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Dreaming is one of the weirdest things we do & in this SciShow infusion Hank talks about how science is helping us understand why we dream, what our brains are up to when they're doing it, and why dreaming may be critically important to the function of our waking brain. He also touches on the fascinating subject of lucid dreaming. Try to stay awake!

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ReferencesDreams help us solve puzzles (http://www.saramednick.com/htmls/pdfs/Cai_PNAS_2009.pdf) (http://www.ncbi.nlm.nih.gov/pubmed/14737168?dopt=Abstract)
http://opinionator.blogs.nytimes.com/2010/03/19/why-we-need-to-dream/

Lucid Dreaming
http://www.scientificamerican.com/article.cfm?id=how-to-control-dreams
http://www.scientificamerican.com/blog/post.cfm?id=inception-is-a-clunker-but-lucid-dr-2010-08-02

General:
http://scienceblogs.com/cortex/2006/12/the_neuroscience_of_dreaming.php
http://www.sciencenews.org/view/generic/id/335866/title/First_brain_image_of_a_dream_created
http://www.saramednick.com/htmls/pdfs/Cai_PNAS_2009.pdf
http://www.scientificamerican.com/article.cfm?id=the-science-behind-dreaming
http://www.pbs.org/wgbh/nova/body/stickgold-dreams.html
http://www.ncbi.nlm.nih.gov/pubmed/14737168?dopt=Abstract
http://www.nature.com/neuro/journal/v10/n1/abs/nn1825.html


IMAGES:

http://en.wikipedia.org/wiki/File:Sigmund_Freud_LIFE.jpg [PUBLIC DOMAIN]
http://en.wikipedia.org/wiki/File:Die_Traumdeutung.jpg [public domain]
http://patientinfo.nimh.nih.gov/CC/Nimages/EEG3Large.jpg [public domain]
Dreaming's gotta be one of the weirdest things we do. I mean, I don't wanna diminish all the other strange crap our bodies are capable of, 'cause a lot of it's pretty cracked out. But dreams are a special kind of crazy, like no matter how many dreams you've had in your life, every once in a while you wake up like, "What the hell was that?" But as with everything else, science is helping us understand why we dream, what our brains are up to when they're doing it, and why dreaming may be critically important to the functioning of our waking brain. So try to stay awake or this one, 'cause it's pretty cool.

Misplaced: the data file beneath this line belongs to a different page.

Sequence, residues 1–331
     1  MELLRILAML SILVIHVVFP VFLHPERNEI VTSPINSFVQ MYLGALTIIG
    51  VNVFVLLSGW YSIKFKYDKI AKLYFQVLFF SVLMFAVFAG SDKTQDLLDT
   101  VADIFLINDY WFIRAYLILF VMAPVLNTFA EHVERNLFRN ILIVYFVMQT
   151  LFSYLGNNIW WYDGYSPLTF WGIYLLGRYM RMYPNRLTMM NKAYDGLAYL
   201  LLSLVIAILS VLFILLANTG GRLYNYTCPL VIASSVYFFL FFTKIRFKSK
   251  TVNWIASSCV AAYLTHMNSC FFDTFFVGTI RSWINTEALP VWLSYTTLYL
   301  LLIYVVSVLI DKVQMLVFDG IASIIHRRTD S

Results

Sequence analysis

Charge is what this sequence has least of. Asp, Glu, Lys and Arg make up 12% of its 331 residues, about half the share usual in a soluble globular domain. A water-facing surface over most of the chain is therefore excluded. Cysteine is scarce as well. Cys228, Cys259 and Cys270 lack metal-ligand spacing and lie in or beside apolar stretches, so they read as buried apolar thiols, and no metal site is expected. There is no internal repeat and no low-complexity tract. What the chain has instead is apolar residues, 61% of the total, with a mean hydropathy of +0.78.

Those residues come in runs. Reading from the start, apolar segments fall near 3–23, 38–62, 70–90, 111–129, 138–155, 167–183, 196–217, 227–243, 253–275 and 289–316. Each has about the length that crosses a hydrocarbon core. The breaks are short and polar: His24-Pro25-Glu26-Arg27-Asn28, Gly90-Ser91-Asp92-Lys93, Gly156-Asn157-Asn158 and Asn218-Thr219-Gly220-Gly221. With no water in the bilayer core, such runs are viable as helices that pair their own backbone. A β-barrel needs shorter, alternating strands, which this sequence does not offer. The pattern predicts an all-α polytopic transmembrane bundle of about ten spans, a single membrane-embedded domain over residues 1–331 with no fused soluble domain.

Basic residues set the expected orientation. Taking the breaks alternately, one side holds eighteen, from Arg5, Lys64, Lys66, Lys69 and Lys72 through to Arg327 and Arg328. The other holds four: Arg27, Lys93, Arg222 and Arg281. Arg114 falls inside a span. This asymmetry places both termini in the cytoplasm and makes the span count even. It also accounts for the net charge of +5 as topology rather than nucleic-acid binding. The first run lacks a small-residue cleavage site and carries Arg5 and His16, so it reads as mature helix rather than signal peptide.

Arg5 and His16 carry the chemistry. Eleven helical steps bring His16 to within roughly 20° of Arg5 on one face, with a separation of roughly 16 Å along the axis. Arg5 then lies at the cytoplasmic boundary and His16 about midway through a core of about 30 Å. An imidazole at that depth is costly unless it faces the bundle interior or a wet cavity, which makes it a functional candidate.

(Intro)

People have been trying to understand dreams since there were people. But the person we most associate with the science of dreaming is probably Sigmund Freud. In 1899, he wrote The Interpretation Of Dreams, where he suggested that dreams were largely symbolic and allowed us to sort through the repressed wishes that piled up in our unconscious mind.

And most of those wishes, you might have noticed, involve kinda weird sex stuff. Freud was, you know, Freud. It wasn't until the 1950s, when scientists first had tools that allowed them to read the electrical activity of the brain that we began to understand what a dreaming brain was really up to.

Two researchers at the University of Chicago, Eugene Aserinsky and Nathaniel Kleitman, pioneered this research by hooking people up to the new EEG machine and monitoring their brain activity while they slept. What they thought they'd find was that the sleeping brain was a resting brain but what they discovered was exactly the opposite.

They found that brain activity actually fluctuates in a predictable pattern over a period of about 90 minutes. This cycle takes sleepers from an initial period of drifting off, gradually into a really deep sleep with slower brain activity, back into almost wake. The state of sleep where the sleepers were almost awake again was the most interesting. Brain activity in this phase was almost identical to when people were awake. But even more weird, during this stage the subjects became functionally paralyzed. The only parts of their bodies that moved were their eyes, which darted back and forth under their eyelids.